The Resilient Major Anton Andreae

I am going to tell you a story about the man who was the first person in our family history to step foot on United States soil. His name is Major Anton Andreae and his story changed the way I look at myself and my very resilient family.

I remember as a child, being fascinated with an old picture album that Mom has of some of my ancient relatives. I was fascinated because these relatives looked rich. The photos were professionally made in a studio back when photos were only made in a studio. My relatives, in these photos, were wearing elegant clothes and exquisite jewelry.  They sat in chairs covered in real fur. This was impressive to me because my parents never had that kind of wealth. My relatives were all loggers or farmers. Even in their Sunday best, they looked nothing like the people in these photos. Who were these people, and most importantly, what happened to all that money?

A few years ago Mom dug up an old obituary of My Great Great Great Grandfather, Major Anton Andreae. For simplicity in this story, I will just call him Great-granddad. She sent me a copy of the obituary and the story in it made a huge impression on me. For the first time, I caught a glimpse of who those rich people were in that old photo album. That obituary also explained how my Great-granddad’s family became the loggers and farmers that I know to be my family and most importantly, it told what happened to all that money!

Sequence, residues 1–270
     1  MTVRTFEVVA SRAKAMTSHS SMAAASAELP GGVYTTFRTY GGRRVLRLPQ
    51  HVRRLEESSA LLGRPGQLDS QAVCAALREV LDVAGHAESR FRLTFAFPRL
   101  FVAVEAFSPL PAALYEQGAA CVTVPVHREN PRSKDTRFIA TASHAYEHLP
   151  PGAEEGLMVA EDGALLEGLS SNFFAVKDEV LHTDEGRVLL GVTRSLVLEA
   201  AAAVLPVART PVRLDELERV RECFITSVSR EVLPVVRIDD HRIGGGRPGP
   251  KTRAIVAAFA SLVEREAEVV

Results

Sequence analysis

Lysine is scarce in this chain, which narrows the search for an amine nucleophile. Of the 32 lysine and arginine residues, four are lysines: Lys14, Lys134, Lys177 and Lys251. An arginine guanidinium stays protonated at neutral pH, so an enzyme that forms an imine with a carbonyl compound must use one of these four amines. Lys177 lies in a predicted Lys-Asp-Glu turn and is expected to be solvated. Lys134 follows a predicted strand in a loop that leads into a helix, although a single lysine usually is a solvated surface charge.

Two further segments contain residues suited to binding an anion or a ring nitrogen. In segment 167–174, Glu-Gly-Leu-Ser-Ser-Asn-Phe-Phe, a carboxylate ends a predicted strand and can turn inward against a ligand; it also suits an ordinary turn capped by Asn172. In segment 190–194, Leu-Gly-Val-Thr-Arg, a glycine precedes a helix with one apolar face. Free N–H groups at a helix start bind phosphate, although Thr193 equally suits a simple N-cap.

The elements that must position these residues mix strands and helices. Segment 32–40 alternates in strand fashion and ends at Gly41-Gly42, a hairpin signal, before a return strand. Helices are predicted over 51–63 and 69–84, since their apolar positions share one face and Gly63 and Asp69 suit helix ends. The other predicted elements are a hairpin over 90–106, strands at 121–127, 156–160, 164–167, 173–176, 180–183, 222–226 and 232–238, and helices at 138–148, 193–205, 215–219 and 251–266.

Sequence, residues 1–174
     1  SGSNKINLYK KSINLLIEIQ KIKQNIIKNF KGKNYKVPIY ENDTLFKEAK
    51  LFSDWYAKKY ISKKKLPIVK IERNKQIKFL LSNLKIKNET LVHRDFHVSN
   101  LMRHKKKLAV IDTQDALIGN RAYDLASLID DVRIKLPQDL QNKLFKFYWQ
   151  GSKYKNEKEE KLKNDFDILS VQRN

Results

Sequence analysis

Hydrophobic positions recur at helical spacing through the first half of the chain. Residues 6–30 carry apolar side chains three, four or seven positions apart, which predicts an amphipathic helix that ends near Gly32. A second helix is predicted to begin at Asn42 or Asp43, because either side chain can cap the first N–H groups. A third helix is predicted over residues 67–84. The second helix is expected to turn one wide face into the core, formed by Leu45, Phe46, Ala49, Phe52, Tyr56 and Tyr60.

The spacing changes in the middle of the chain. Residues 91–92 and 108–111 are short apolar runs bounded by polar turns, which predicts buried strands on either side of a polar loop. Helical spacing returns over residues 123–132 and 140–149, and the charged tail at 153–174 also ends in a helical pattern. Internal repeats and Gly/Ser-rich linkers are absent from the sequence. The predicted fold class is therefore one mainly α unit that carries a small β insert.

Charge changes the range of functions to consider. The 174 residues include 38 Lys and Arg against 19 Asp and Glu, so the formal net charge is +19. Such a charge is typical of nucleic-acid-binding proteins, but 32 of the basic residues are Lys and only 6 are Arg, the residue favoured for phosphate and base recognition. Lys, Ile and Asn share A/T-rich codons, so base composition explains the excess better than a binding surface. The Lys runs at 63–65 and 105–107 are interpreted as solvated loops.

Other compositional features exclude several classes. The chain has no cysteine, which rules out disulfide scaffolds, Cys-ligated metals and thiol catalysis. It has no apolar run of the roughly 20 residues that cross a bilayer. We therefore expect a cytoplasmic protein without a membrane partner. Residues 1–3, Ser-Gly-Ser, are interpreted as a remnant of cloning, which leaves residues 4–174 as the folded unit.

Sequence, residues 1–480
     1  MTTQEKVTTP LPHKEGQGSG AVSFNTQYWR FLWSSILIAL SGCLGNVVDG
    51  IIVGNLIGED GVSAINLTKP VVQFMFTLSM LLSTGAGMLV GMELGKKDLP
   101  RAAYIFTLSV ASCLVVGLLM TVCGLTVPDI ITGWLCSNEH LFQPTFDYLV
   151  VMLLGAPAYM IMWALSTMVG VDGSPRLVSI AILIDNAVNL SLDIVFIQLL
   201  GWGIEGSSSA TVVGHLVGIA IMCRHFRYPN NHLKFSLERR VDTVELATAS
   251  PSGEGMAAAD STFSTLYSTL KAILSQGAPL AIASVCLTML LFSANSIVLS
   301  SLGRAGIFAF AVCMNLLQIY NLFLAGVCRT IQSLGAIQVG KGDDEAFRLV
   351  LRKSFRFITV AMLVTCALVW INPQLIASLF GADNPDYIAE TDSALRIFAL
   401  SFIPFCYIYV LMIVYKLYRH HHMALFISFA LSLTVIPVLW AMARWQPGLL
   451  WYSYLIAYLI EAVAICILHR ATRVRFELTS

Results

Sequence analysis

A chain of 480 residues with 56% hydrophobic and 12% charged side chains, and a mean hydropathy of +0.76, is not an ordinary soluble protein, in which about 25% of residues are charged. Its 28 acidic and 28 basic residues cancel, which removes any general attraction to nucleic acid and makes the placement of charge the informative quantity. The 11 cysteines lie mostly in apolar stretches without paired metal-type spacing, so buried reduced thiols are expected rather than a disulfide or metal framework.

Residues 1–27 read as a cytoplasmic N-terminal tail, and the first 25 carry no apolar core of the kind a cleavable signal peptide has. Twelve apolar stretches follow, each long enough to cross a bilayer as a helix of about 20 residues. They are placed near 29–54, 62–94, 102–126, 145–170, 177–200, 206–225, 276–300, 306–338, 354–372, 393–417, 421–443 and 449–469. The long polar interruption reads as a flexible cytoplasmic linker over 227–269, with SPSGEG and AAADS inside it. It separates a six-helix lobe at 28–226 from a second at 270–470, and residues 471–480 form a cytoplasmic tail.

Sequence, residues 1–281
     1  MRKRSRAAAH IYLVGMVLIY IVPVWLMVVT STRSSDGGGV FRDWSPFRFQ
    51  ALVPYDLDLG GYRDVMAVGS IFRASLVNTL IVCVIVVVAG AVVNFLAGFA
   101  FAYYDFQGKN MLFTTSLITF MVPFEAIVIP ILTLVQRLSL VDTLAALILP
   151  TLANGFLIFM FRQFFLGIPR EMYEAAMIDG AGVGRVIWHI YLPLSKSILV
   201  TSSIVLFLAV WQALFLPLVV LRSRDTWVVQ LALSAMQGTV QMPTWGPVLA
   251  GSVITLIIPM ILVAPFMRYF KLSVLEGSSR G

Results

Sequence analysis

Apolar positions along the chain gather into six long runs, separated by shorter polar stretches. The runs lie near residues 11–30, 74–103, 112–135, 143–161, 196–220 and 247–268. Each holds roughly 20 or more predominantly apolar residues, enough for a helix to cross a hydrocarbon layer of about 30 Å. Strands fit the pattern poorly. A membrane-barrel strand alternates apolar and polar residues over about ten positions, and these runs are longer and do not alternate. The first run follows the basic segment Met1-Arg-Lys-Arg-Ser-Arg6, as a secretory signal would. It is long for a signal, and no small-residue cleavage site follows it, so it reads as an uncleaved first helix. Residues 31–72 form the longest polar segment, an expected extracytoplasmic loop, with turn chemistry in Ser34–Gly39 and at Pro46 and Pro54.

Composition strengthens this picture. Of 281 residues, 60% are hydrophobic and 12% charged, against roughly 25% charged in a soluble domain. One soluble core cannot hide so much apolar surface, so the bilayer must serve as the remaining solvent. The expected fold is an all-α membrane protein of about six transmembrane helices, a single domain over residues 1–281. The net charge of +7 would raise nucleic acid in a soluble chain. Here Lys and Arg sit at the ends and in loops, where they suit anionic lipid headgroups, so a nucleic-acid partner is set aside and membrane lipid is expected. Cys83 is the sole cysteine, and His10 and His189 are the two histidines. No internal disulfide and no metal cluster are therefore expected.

My Great-granddad Anton Andreae was born in Frankfurt on the Main in Germany, an important city centre, world renown for commerce, culture,  and education. In this bustling trade center, Anton’s family was wealthy and prominent. Anton’s father, my Great Great Great Great Grandfather, was a rich merchant in the East India trade industry which included some of the wealthiest people in the world.